“Our vision continues to be that every app and game will be instant and available for users to experience without a download. We look forward to continuing to work with global developers, Google, and partners to make this a reality for all mobile app users,” said Bryan Buskas, the chief operating officer of AppOnboard. As part of its new pitch, the company is offering a 30-day free trial for any App Store Demo.

News Source = techcrunch.com

SimbaPay launches Kenya to China payment service via WeChat

in africa/Barclays/ceo/China/Column/coo/Delhi/east africa/Economy/electronics/Europe/India/internet access/kenya/London/M-Pesa/mobile payments/money/Nairobi/north america/Politics/Safaricom/Software/TechStars/Tencent/United Kingdom/Vodafone/WeChat/western union by

Forging another link between Africa and China’s digital economies, the African-focused money transfer startup SimbaPay and Kenya’s Family Bank are partnering with WeChat to launch an instant payment service from East-Africa to China.

The product partnership is aimed at Kenyan merchants who purchase goods from China—Kenya’s largest import source.

Using QR codes, SimbaPay developed a third-party payment aggregator that enables funds delivery into WeChat’s billion plus user network.

Individuals and businesses can now send funds to China through Family Bank’s PesaPap app, Safaricom’s M-Pesa, or by texting USSD using the code *325#.

The service opens up a faster and less expensive money transfer option between Kenya and China through the TenCent-owned WeChat social media platform.

“Kenya imports about $4 billion goods from China. That’s the total market that we’re getting into. We’re looking at a single digit market share of the transactional volume around that,” SimbaPay Founder and CEO Sagini Onyancha told TechCrunch.

“The users [of the new product] are primary small Kenyan businesses, that import phones, gadgets, electronics…small to medium size traders who import goods from China,” he said.

SimbaPay and Family Bank will generate revenues on the WeChat based transfer service through a fee share arrangement on transactions. “We have a sliding scale of charges [for the service]. For example, to send the equivalent of $80 will cost $3.50,” said Sagini.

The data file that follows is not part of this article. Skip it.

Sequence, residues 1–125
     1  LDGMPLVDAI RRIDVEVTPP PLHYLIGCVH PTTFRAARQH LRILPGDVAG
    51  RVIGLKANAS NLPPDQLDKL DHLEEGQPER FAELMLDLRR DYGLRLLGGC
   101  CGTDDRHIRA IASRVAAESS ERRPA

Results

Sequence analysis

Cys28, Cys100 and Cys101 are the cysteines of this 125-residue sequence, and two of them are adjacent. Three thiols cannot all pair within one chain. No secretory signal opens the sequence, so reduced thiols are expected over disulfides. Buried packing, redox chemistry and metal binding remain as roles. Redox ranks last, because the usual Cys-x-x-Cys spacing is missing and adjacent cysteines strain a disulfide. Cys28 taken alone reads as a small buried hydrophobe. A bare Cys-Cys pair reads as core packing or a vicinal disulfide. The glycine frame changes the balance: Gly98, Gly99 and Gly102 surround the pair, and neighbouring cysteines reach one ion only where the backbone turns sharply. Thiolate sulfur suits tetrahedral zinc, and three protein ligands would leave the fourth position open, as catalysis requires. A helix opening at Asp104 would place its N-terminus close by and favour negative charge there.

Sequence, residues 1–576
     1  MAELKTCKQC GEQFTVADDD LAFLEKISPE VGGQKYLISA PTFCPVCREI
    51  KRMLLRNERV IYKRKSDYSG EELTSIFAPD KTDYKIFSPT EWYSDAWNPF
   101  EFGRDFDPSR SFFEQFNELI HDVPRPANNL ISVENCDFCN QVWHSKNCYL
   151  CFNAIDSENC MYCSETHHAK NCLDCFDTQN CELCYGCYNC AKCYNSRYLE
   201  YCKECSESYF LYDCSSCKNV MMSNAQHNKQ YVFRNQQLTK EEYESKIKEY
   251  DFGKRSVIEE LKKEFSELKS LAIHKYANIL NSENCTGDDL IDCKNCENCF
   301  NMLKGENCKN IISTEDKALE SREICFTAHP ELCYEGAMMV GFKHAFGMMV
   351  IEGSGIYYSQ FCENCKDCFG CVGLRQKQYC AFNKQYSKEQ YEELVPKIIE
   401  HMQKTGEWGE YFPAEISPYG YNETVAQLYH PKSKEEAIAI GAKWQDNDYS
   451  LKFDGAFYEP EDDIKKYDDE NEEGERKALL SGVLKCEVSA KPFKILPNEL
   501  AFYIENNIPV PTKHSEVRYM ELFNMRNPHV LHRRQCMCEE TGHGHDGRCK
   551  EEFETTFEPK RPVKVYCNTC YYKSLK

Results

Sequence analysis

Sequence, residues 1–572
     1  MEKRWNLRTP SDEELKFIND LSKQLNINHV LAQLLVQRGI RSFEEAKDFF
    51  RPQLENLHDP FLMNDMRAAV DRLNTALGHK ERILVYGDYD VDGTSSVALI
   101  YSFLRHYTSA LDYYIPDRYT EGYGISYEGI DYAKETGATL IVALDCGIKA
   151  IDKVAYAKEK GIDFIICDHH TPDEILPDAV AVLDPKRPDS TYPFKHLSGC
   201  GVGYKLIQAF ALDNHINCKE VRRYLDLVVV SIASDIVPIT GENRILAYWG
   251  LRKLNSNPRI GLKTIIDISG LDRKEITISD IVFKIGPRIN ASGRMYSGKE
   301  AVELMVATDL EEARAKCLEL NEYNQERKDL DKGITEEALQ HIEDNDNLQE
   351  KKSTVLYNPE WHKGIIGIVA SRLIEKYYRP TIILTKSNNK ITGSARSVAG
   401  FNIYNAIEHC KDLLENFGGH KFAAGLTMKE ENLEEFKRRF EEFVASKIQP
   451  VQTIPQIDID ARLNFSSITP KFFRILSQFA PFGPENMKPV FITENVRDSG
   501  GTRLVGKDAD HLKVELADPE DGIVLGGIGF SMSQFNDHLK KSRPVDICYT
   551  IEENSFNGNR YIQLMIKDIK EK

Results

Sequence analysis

This presents a significant reduction of fees and opportunity cost for Kenyan traders who import from China, according to Sagini and Family Bank.

Current available payment methods to China for Kenyan businesses are less secure and more expensive options such as traditional money transmitters (Western Union), SWIFT, and off the grid services, according to Sagini and Family Bank Chief Operation Officer (COO) Godfrey Kariuki Kamau.

“There are informal channels on the street who will take your money, get it paid out to the recipient [in China] one or two days later and take a percentage,” said Sagini.

SimbaPay and Family Bank estimate over seven million customers and businesses will be able to access their China WeChat payment service, based on projections of Kenya’s current SMEs.

Located in Nairobi, Family Bank has a current customer base of 600,000 account holders (including SMEs) across 92 branches, according to COO Kariuki Kamau.

Prior to the SimbaPay-Family Bank China service, he said a number of Family Bank’s small business customers “were taking cash from our counters and pooling with…informal transmitters” to pay Chinese vendors.

Kariuki Kamau estimates the immediate transactional potential for the new SimbaPay WeChat based service will be $1 million in the first three months.

“The businesses in Kenya import over $4 billion from China, so this could be conservative. We could see this grow 4 to 5 times beyond that when people hear they can send money directly,” said Kariuki Kamau.

On regulation of this new service, he confirmed “Family Bank got the approval of the [Kenyan] Central Bank for SimbaPay to move in the market and…we confirmed with the UK financial regulators that SimbaPay is allowed to do this business.

Headquarted in London, SimbaPay launched in 2015 to facilitate more cost effective and efficient transfer of funds across Africa. The platform works as a gateway payment product “for banks and mobile money providers to offer their customers without having to make any major technical integration” to send funds across Africa’s borders, explained Sagini.

“We’ve created the platform in such a way that we’re able to provide this service like a SaaS B2B service to banks and telcos…and our service is available without internet access,” Sagini said—noting the platform’s USSD capabilities.